Once everyone had an understanding of what fungi are, Bethany took us around the Arboretum to go hunting for mushrooms! We only had to take a few steps, and we had already found some tiny mushrooms in the grass near the Facilities Building. Throughout the tour, Bethany gave us tips on how to find fungi in the wild. Mushrooms can be found in forests, grassy areas, mulch beds, and even potted plants. You will find mycorrhizal fungi near large, mature trees and saprotrophic fungi on decaying wood. One of the best times to look for fungi is after it rains. Some fungi can pop up within the span of a few hours after getting some water, such as inky caps!
There are many tricks you can use to help you identify mushrooms. One of the most important identification characteristics is the hymenium, which is the part of the mushroom that produces spores and can take on many forms. Other parts of mushrooms to analyze include the gills, pileus (cap), stipe (stalk), annulus (ring on the stipe, remnant of a partial veil), and volva (cup-like, remnant of the universal veil). Bethany told us that you can tap the mushroom to release the spores and analyze their color as an identification tool. Also, sometimes destroying the mushroom helps you with identification! Bruising characteristics are a helpful tool when identifying mushrooms. During our mushroom foraging adventure, we also engaged our other senses to help us identify mushrooms. Some of the mushrooms felt soft, like the wood ear, while others felt wet and slimy. I also engaged my sense of smell, and interestingly, one mushroom smelled like a grape-scented marker!
You can also have the wider foraging community help you in identification by snapping some pictures and then posting them to iNaturalist, a social network that enables community members to map and share biodiversity in their region, or one of the many fungi-foraging Facebook groups! Bethany said to be sure that you take a picture of both the top of the mushroom and the underside, which is usually where the gills are located. This is helpful for identification purposes. Bethany also suggests taking a picture of the mushroom in situ, meaning in the place it was discovered, which can also be useful for identification.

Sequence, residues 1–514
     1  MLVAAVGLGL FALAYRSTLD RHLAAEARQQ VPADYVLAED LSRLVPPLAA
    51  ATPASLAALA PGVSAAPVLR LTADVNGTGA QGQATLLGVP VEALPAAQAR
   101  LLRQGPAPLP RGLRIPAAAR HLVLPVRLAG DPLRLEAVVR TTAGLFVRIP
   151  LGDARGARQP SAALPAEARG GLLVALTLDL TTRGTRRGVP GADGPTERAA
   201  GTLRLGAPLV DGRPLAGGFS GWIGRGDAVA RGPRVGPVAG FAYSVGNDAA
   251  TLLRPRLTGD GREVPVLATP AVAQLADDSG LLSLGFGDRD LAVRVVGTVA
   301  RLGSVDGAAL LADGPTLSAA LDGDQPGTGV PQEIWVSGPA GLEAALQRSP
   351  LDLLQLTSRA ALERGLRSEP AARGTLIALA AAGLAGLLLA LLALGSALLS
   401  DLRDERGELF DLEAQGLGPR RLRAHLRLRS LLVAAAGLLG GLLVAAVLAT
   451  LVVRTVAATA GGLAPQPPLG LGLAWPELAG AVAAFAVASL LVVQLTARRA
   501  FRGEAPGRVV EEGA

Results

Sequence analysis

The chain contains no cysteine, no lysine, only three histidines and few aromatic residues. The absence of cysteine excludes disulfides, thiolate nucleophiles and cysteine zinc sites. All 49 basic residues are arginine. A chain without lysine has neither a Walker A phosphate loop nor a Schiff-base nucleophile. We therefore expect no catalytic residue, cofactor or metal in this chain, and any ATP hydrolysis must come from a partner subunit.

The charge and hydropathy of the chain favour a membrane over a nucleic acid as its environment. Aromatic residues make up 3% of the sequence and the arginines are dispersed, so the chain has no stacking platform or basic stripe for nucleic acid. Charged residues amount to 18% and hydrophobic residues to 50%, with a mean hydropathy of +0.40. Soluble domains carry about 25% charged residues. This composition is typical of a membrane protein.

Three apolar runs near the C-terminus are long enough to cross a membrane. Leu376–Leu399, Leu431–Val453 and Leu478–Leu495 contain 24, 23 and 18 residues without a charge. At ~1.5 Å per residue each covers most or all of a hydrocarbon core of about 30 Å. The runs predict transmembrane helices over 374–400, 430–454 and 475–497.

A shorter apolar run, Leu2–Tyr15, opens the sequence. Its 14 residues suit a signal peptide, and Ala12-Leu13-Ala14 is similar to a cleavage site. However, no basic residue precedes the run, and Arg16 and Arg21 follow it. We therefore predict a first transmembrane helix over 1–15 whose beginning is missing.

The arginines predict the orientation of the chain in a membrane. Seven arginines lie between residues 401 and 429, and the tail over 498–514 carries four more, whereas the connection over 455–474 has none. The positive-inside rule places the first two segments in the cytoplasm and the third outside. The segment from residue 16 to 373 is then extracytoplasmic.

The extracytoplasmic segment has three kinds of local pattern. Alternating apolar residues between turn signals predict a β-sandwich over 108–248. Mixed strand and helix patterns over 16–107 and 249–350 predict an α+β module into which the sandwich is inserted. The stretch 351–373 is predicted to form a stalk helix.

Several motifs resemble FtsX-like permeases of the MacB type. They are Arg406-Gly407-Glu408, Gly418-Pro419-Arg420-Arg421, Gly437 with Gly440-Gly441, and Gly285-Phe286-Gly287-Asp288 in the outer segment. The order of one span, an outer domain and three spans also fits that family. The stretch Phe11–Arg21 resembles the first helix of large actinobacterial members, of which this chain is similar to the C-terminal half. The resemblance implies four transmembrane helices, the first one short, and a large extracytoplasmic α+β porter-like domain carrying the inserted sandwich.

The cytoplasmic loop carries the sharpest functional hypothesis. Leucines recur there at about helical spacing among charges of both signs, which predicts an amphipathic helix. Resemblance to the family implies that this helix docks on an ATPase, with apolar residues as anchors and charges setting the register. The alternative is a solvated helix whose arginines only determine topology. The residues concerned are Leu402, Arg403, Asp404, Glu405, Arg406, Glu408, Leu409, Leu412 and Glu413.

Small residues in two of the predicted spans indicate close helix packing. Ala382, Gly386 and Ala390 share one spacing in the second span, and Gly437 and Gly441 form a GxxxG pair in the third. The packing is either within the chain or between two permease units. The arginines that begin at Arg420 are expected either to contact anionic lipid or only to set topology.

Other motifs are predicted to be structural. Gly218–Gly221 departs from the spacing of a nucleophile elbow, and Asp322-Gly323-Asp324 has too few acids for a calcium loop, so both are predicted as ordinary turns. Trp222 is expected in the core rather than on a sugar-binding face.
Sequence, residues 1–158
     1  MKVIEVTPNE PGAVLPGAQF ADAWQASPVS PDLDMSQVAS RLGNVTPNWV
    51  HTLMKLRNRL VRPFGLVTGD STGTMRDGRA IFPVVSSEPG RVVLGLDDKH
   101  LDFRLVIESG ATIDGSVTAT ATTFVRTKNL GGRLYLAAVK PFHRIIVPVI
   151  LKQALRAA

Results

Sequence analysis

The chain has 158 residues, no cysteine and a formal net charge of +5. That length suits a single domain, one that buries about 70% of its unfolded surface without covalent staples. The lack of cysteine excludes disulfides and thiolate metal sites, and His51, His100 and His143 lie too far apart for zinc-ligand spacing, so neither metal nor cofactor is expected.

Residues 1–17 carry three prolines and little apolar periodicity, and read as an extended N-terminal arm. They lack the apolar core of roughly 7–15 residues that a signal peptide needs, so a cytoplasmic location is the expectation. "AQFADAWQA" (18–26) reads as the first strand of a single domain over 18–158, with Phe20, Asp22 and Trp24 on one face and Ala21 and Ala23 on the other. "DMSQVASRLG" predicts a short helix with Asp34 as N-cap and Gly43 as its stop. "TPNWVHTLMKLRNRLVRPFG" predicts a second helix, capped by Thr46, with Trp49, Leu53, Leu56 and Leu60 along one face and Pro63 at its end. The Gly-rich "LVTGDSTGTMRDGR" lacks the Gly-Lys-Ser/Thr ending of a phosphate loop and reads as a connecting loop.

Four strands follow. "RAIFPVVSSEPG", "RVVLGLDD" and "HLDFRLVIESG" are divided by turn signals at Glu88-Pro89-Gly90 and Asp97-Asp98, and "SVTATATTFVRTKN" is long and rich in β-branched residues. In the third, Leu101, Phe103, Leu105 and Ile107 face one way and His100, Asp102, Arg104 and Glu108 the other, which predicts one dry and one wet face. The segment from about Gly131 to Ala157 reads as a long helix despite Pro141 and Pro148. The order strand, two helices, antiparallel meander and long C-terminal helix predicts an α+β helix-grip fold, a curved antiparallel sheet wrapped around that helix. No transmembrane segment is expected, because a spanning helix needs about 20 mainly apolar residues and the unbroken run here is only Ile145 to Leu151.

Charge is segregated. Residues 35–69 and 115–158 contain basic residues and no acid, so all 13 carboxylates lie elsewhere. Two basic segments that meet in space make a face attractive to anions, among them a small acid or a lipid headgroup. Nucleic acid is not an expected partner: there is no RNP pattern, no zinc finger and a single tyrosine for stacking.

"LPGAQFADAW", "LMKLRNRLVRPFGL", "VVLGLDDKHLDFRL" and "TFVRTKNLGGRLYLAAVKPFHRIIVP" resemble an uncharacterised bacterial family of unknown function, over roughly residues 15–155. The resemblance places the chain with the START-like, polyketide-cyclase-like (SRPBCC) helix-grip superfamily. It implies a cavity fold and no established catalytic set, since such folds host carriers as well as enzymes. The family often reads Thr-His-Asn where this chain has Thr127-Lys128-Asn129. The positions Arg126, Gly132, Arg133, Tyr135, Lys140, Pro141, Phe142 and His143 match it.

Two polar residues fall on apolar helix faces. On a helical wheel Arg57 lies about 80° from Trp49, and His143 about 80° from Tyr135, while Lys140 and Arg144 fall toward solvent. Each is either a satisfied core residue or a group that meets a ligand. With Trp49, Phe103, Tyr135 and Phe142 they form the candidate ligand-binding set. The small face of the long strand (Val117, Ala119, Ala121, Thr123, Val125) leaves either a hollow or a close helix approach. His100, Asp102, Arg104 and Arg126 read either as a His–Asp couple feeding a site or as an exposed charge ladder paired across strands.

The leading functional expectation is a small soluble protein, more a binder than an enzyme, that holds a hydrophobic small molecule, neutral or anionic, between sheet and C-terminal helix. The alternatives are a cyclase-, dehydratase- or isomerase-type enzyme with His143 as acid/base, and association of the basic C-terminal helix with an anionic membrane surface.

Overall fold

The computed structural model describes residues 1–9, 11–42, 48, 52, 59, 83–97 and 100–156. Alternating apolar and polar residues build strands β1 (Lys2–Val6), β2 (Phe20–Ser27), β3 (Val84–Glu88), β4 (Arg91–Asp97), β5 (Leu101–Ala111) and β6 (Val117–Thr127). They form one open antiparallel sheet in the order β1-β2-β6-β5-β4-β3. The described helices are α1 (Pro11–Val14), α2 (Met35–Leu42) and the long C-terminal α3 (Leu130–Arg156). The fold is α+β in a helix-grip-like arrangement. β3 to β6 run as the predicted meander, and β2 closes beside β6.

Although mushrooms often have a bad reputation, Bethany wanted to dispel some of these misconceptions about this mysterious group. People often believe that most mushrooms are toxic, but the toxic ones are in fact very rare. Also, some people believe that it is wrong to pick mushrooms or destroy them to aid in identification. However, mushroom foraging is actually a sustainable practice when people follow basic foraging etiquette, such as not trampling forested areas. Picking mushrooms can actually aid in the dispersal of the fungus’ spores! Before Bethany ended the foraging walk, she shared various resources with us so that we can learn more about fungi and have more tools to aid in identification, which are listed below. I really enjoyed hunting for mushrooms, and I hope you can also have your own fung-tastic foraging adventure!